(Names have been changed to protect identity of subjects)
Parents who adopt transracially cannot ignore that they become a minority family, subject to criticism, odd remarks, and prejudice from people of all races. I remember taking Julie, then 3 1/2 months old, to her first Christmas party. She was immediately surrounded by preschool girls, wanting to look at her and touch her. Then one asked, "Why does she look like that?" referring to the fact that Julie is black and I'm white. Startled, I launched into an explanation about Julie's birth mother. The 4-year-old looked confused until a friend came to my rescue. "Because she was born that way," my friend said, adding in an aside to me, "That's all you have to say."Thus, I learned my first lesson in handling insensitive remarks about our unusual family. Besides my daughter, now 1 1/2, my husband and I also have a 4-year-old son, James, who is part Hispanic. When carpet cleaners came to my home, the first took a look at my two kids, and said, "Oh, you do day care." No, I replied, "These are my kids." The second surveyed the scene and said, "Foster mother?" Getting warmer. Perhaps the rudest comment came from a realtor selling a neighbor's home. "Where did she come from?" he asked. What was I supposed to say? Mars? Parents who adopt transracially cannot ignore that, by doing so, they become a minority family, subject to criticism, odd remarks and prejudice from people of all races.
But there also are advantages. Psychological studies have found that transracially adopted children appear to handle the identity issues all adopted children face better than most because, researchers theorize, they cannot pretend to be like everyone else. They deal with adoption issues before the turbulent teenage years. And children raised in such environments often are able to bridge the culture gap, researchers found. Ben Jones, 20, a junior in political science at Cal State Fullerton, says growing up with white parents, a white sister, a black sister, and two black brothers has helped him get along with both races. "I fit into black and white society." said Ben, an African American. "I think being raised that way helped. I have really good friends, both black and white." Sometimes, the benefits spill over to white brothers and sisters. Sue, Ben's sister, says she relates easily to people from other cultures. Sue, who married someone from a different race, says her white friends on the Cal State Fullerton campus, where she is getting a master's in clinical psychology, are astonished at how many black people she knows. "I'm always surprised when [a white friend] says she can't talk to somebody."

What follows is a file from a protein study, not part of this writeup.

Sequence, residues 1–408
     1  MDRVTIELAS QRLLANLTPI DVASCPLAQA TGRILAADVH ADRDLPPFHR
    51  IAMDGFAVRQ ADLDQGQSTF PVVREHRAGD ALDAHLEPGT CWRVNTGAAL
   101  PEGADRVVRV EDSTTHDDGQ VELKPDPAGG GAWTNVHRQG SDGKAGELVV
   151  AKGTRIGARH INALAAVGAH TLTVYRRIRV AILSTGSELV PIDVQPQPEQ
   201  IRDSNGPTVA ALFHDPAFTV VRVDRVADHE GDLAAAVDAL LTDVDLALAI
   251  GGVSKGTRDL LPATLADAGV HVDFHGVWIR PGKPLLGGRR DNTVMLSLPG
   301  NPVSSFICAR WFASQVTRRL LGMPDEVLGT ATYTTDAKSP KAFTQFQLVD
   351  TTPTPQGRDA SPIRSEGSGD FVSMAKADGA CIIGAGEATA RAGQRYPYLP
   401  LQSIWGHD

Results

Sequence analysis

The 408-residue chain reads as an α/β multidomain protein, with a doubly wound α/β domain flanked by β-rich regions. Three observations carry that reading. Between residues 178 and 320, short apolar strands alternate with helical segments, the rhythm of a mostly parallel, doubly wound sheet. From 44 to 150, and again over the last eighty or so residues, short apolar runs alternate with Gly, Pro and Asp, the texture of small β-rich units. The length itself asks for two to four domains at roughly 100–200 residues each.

When asked if being part of a multiracial family had any effect on him, David, 13, white, politely said he thought the question was not well thought out. Race, he said, just didn't matter. You must respect people for who they are."Of course," he continued, in the same tone and with a straight face, "I did have an older brother who was purple. But he died." David made his point.To get such positive results, parents who adopt transracially have to work a little harder. They need to be "indoor gardeners," according to one transracial adoptee who spoke at a conference of the National Council on Adoptable Children. "When I think of black children, I think of beautiful flowers growing in a garden," he said. "When white people think of black children, they don't always remember the garden they came from. They only see the flower already picked and ready to go in a vase somewhere in their house to enjoy and to look pretty." He said picked flowers are disappointing because they wilt and dry up. "I guess what I'm saying is I'd rather be a gardener in natural surroundings than a florist in an artificial setting," he said. "The way I see white parents with black kids is they're doing the best they can. They're sort of indoor gardeners. I won't work with florists, but I'll work with indoor gardeners." The first place one needs to begin working is with oneself.
Joan of Los Altos says her greatest surprise after she adopted two black children was facing her own racism. "I was raised as a white liberal and was not prejudiced in obvious ways," Joan said. "I never realized [my racism]. It was rather shocking and embarrassing."
A college graduate, who asked not to be named, had a similar experience. A Hispanic who grew up in a predominantly white neighborhood, he remembered feeling out of place as a child and being referred to negatively as an Indian. When he adopted his daughter, who was black, she looked to him even darker, like an Indian. He felt embarrassed and frightened. "When I was a child, I felt trapped by how I looked," he said. "There was nothing I could do about it. Looking at my daughter, I felt fear for myself and fear for her. But it disappeared when I could express my anger."